Tuesday, October 23, 2012

are you a mountain man?

I was reading My Utmost for His Highest the past few days and was struck by these remarks…

We have all experienced times of exaltation on the mountain, when we have seen things from God’s perspective and have wanted to stay there. But God will never allow us to stay there. The true test of our spiritual life is in exhibiting the power to descend from the mountain. If we only have the power to go up, something is wrong. It is a wonderful thing to be on the mountain with God, but a person only gets there so that he may later go down and lift up the demon-possessed people in the valley (see Mark 9:14-18). We are not made for the mountains, for sunrises, or for the other beautiful attractions in life— those are simply intended to be moments of inspiration. We are made for the valley and the ordinary things of life, and that is where we have to prove our stamina and strength. Yet our spiritual selfishness always wants repeated moments on the mountain. We feel that we could talk and live like perfect angels, if we could only stay on the mountaintop. Those times of exaltation are exceptional and they have their meaning in our life with God, but we must beware to prevent our spiritual selfishness from wanting to make them the only time.

We are inclined to think that everything that happens is to be turned into useful teaching. In actual fact, it is to be turned into something even better than teaching, namely, character. The mountaintop is not meant to teach us anything, it is meant to make us something. There is a terrible trap in always asking, “What’s the use of this experience?” We can never measure spiritual matters in that way. The moments on the mountaintop are rare moments, and they are meant for something in God’s purpose.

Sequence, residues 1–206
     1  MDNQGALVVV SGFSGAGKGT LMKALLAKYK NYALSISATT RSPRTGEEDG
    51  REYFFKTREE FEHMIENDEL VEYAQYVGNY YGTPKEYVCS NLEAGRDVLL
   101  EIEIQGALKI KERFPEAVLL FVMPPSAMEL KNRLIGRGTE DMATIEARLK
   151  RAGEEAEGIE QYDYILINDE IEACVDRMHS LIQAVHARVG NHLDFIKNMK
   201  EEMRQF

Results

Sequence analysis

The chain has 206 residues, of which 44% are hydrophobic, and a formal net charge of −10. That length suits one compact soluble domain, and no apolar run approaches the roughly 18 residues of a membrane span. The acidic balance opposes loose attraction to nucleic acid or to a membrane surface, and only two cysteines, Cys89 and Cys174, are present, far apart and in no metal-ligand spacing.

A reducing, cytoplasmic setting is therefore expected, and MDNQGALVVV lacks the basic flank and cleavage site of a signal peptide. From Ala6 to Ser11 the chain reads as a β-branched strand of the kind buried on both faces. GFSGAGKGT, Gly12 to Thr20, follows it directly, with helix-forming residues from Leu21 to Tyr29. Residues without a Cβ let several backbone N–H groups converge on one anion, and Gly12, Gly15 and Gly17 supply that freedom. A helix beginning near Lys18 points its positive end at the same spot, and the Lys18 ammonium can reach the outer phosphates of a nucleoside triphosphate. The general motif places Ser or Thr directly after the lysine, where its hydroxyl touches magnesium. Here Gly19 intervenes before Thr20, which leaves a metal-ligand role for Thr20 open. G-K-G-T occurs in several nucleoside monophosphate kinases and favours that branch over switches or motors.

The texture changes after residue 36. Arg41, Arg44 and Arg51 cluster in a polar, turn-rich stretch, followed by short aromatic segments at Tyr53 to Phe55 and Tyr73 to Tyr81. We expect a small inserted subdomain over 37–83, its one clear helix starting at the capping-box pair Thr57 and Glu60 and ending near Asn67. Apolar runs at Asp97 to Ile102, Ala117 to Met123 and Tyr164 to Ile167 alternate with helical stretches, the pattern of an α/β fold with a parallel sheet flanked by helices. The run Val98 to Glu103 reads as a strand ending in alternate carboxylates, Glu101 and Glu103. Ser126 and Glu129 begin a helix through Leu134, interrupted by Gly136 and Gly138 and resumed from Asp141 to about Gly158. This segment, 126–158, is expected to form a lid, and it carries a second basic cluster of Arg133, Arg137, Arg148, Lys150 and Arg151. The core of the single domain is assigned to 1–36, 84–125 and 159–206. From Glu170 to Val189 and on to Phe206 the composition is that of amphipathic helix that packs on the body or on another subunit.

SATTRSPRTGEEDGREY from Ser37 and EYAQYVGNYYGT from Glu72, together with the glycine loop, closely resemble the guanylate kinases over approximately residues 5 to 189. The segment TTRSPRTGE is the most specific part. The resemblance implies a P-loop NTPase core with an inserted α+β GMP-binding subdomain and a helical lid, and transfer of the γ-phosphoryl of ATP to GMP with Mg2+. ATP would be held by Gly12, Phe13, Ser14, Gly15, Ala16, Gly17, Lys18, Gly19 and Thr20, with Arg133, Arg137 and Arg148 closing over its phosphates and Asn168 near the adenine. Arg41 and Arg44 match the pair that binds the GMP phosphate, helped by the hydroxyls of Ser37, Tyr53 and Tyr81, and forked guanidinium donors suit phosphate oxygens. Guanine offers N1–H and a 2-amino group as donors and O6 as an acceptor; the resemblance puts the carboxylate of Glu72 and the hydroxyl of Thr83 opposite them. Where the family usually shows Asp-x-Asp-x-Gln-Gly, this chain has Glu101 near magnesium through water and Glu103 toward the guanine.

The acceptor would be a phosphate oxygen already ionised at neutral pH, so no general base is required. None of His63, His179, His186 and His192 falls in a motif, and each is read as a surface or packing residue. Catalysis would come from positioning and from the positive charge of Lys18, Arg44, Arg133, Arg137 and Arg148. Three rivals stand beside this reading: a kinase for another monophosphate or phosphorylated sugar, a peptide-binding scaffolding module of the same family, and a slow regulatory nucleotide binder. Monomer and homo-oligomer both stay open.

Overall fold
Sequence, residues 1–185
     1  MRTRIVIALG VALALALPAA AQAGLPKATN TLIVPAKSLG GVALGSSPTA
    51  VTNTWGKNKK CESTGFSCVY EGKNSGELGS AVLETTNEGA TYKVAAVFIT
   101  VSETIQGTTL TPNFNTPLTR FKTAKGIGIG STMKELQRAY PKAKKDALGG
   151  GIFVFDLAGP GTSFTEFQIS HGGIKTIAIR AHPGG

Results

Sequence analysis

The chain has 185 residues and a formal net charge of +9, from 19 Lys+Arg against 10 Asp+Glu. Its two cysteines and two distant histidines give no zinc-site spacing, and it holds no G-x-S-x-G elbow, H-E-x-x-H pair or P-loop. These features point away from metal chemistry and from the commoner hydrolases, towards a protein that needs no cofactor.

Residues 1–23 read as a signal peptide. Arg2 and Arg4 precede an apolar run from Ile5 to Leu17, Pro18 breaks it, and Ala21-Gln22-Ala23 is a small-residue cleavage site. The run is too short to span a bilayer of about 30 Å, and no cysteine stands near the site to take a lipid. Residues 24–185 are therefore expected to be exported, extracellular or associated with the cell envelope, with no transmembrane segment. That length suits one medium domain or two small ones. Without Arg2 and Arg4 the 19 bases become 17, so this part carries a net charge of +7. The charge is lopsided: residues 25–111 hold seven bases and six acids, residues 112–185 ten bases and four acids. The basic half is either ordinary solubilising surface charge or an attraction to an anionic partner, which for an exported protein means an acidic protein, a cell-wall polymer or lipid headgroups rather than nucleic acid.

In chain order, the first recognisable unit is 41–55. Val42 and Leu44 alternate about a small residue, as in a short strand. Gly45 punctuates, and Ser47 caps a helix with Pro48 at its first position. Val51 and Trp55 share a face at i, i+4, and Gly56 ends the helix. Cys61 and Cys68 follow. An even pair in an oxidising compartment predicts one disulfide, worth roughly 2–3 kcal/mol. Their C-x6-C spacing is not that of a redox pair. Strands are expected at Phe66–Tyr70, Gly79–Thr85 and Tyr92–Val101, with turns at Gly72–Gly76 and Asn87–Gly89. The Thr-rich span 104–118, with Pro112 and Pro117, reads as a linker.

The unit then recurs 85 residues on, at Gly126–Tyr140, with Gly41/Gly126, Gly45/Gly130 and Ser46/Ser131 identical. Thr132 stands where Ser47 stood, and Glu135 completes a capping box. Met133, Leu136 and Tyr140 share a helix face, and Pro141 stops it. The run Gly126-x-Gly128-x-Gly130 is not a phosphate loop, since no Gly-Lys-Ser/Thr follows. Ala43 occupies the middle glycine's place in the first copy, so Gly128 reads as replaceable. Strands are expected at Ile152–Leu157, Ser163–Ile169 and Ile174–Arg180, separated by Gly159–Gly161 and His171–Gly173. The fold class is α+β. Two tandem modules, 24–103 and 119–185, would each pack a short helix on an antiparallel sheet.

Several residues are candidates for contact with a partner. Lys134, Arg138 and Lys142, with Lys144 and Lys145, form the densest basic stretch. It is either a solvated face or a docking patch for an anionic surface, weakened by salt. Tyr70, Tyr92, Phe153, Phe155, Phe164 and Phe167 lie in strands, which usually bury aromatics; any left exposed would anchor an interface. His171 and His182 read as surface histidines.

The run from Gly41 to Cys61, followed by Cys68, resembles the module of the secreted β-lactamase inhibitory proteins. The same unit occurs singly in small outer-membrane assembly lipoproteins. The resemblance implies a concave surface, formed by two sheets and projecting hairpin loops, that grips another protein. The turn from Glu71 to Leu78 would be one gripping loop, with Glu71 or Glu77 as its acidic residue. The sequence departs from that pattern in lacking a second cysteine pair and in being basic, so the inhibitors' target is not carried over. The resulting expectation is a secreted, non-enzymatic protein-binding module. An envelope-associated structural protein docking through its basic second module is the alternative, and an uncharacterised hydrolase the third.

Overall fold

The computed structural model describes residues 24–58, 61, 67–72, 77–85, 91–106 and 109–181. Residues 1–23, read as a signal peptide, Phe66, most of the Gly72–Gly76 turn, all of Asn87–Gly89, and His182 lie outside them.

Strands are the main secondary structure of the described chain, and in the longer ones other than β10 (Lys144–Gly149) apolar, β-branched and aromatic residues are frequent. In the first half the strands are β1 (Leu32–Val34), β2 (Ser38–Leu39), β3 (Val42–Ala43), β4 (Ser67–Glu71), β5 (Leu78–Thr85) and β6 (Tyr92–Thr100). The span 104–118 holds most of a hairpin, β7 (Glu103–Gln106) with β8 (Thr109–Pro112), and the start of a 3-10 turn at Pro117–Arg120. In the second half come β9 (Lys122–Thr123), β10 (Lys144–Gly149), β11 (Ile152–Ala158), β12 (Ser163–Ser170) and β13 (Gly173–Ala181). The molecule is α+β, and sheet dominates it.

The height of the mountaintop is measured by the dismal drudgery of the valley, but it is in the valley that we have to live for the glory of God. We see His glory on the mountain, but we neverlive for His glory there. It is in the place of humiliation that we find our true worth to God— that is where our faithfulness is revealed. Most of us can do things if we are always at some heroic level of intensity, simply because of the natural selfishness of our own hearts. But God wants us to be at the drab everyday level, where we live in the valley according to our personal relationship with Him.

When you were on the mountaintop you could believe anything, but what about when you were faced with the facts of the valley? You may be able to give a testimony regarding your sanctification, but what about the thing that is a humiliation to you right now? The last time you were on the mountain with God, you saw that all the power in heaven and on earth belonged to Jesus— will you be skeptical now, simply because you are in the valley of humiliation?